Canada has contended with Quebecois separatists for decades as well as some oil-rich western provinces talking about joining the U.S. back in the 1980s. I heard a lecture about a year ago in San Francisco by a Canadian who seriously proposed that Canada, or at least the English-speaking part, merge with the U.S. it was quite well thought out and interesting and made a lot of sense.

In short, I see little prospect that the U.S. will merge with any Canadian provinces, but I think that expansion is infinitely more likely than the U.S. splitting up. Steyn seems incapable of comprehending that the U.S. will never split up, I assume because he did not move to the U.S. until he was an adult. He is still a Canadian citizen. He applies logic to his prediction that we will split up, and seems to love America with the zeal of the converted, but he lacks a fundamental understanding of what it means to be an American.

But the book otherwise is still brilliant. I can prove it by just quoting it for the most part.

Page 14: What is happening to the United States is not “cyclical,” but structural.

There is nothing virtuous about “caring” compassionate” “progressives” demonstrating how caring and compassionate and progressive they are by spending money yet to be earned by generations yet to be born.

Page 19…the United States, as Europe did, will abandon military capability and toss the savings into the great sucking maw of social spending.

Page 31According to Professor Charlton, in the 1970s “the human spirit began to be overwhelmed by bureaucracy.”

Page 33 America has a money-no-object government with a lot of money but no great objects.

Page 38 …free peoples who were once willing to give their lives for liberty can be persuaded very easily to relinquish their liberties for a quiet life.

Page 52 Because the governmentization of health care is the fastest way to a permanent left-of-center political culture. It redefines the relationship between the citizen and the state in a fundamental way that makes small government all but impossible ever again.

Page 55 [On Obama] Other than demonstrate a remarkably focused talent for self-promotion, what has he ever done? Even as a legendary thinker, what original thought has he ever expressed in his entire life?

Page 56 Barack Obama is so smart he had a fake Martin Luther King quote sewn into the Oval Office carpet (“The arc of the moral universe is long but it bends toward justice.”)

[And I, John T. Reed, would add, “What does that mean?”]

Steyn also provides a lot of important but not widely known facts. By 2004, 20% of U.S. households were getting 75% of their income from federal government. In the U.K., 5 billion people—a tenth of the adult population—have not done a day’s work since the New Labour Party took control in 1997.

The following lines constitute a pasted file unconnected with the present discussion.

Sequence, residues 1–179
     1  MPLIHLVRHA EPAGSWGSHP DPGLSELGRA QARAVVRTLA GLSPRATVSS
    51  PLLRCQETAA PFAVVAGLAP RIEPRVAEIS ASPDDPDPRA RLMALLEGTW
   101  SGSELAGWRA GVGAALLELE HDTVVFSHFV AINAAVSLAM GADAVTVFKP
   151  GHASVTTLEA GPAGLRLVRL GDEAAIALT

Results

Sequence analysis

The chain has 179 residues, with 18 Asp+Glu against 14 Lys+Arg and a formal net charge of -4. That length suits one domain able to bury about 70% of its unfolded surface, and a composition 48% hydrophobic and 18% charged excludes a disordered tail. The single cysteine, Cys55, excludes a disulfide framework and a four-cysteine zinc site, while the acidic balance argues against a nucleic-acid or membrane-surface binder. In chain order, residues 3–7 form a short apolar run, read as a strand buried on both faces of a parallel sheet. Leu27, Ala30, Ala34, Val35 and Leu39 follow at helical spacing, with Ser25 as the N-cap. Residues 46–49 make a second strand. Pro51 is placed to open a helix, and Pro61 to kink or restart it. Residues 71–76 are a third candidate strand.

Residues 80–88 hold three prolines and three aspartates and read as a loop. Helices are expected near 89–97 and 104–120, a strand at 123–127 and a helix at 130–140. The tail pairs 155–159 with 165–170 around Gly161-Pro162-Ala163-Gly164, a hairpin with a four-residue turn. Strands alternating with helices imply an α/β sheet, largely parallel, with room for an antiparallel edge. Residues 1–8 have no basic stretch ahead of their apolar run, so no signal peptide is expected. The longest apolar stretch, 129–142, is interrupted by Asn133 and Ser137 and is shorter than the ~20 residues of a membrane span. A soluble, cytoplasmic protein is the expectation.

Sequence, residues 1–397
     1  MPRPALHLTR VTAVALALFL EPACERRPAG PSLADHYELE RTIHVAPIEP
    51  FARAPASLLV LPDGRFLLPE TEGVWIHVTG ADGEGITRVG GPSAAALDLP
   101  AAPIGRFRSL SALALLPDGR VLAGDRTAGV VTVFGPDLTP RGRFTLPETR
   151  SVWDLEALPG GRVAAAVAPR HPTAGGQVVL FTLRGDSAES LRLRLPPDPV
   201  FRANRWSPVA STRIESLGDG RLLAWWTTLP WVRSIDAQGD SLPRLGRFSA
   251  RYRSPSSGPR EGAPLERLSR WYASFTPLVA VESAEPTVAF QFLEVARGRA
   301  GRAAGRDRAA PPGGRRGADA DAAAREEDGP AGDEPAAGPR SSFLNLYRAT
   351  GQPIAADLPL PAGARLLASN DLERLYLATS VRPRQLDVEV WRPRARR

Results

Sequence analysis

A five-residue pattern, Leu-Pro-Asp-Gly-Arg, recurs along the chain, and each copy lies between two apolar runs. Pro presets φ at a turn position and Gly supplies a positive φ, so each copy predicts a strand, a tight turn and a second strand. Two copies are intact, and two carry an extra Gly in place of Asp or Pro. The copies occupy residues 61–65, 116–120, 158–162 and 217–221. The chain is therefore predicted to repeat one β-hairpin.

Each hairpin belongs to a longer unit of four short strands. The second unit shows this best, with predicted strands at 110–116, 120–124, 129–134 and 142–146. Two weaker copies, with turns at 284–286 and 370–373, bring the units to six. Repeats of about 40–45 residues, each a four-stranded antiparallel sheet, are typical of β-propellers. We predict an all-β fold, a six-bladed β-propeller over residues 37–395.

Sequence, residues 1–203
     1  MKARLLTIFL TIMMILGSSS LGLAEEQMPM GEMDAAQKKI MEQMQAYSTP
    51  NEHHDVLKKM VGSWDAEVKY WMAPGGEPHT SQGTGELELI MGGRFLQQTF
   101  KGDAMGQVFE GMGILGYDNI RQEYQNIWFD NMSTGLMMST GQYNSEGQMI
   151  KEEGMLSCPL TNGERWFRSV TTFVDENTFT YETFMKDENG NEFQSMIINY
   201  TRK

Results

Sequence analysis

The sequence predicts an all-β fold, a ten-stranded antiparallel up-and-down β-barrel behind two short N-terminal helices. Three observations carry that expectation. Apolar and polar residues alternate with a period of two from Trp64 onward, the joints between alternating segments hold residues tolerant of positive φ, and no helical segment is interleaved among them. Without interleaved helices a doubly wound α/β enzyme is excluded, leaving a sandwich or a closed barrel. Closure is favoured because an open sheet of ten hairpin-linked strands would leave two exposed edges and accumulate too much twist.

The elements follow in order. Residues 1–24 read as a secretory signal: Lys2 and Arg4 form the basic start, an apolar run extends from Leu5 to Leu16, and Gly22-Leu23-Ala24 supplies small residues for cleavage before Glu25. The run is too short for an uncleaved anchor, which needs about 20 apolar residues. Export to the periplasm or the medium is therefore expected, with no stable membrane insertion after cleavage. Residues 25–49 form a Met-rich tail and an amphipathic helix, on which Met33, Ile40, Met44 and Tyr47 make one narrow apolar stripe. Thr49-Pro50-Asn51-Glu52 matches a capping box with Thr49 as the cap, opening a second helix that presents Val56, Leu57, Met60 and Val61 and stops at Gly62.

Democrat pollster Pat Cadell described today’s situation in the U.S., where there are no democratic means by which the people can restrain their rulers, as “pre-revolutionary.”

Page 82 For more and more Americans, law has been supplanted by “regulation”—a governing set of rules not legislated by representatives accountable to the people, but invented by an activist bureaucracy which is well to the left of either political party.

But he occasionally repeats “facts” that are not so like

All the stuff that used to be made in America is now made somewhere else.

The most recent figures I could find says the U.S. is still the number one manufacturing country in the world with China close behind. Number 3 Japan is well behind.

Page 104 Greece is at the point…where the canoe is about to plunge over the falls. America is upstream and can still pull for shore, but has decided instead that what it wants to do is not just drift along with the general current but paddle as fast as it can to catch up with the Greeks.

Page 119 …the good times in Europe were underwritten by…For over 60 years America has paid for Europe’s defense.

Page 131 When Michelle Obama turns up to serve food at a soup kitchen, its poverty-stricken clientele snap pictures of her with their cellphones.

Page 170 Regarding letting Muslims kill us to avoid profiling:

Old watchword: Better dead than red. Updated version: Better screwed than rude.

Childhood has expanded—26-year olds on the parents’ health care insurance and even older children still living at home with parents. Simultaneously, retirement age has moved lower and lower leaving the ages when you are supposed to support yourself shrinking as Democrats move more and more voters onto the government rolls to cement their power.

Adults in Western Europe and North America are being turned into Eloi, says Steyn. I will let you have the fun of looking that up if you forget, or never knew, what it means.

Page 230 We’re the first society in which a symptom of poverty is obesity.

Steyn’s chapter 8 is in the form of a letter from the future. It does not work. Too cumbersome. But some good analysis if you can fight through the format.

Page 329 Because that’s what [Obama] likes about it: the willingness of freeborn citizens to be strapped into the baby seats of Big Nanny.

Steyn also found a lot of great but somewhat obscure quotes from others like this one from Ronald Reagan:

It is important to recognize the distinction between problems of national scope (which may justify federal action) and problems that are merely common to the states.

I highly recommend the book. It has so many well-written analyses of our current problems that they have begun to become part of the language and no doubt more will.

John T. Reed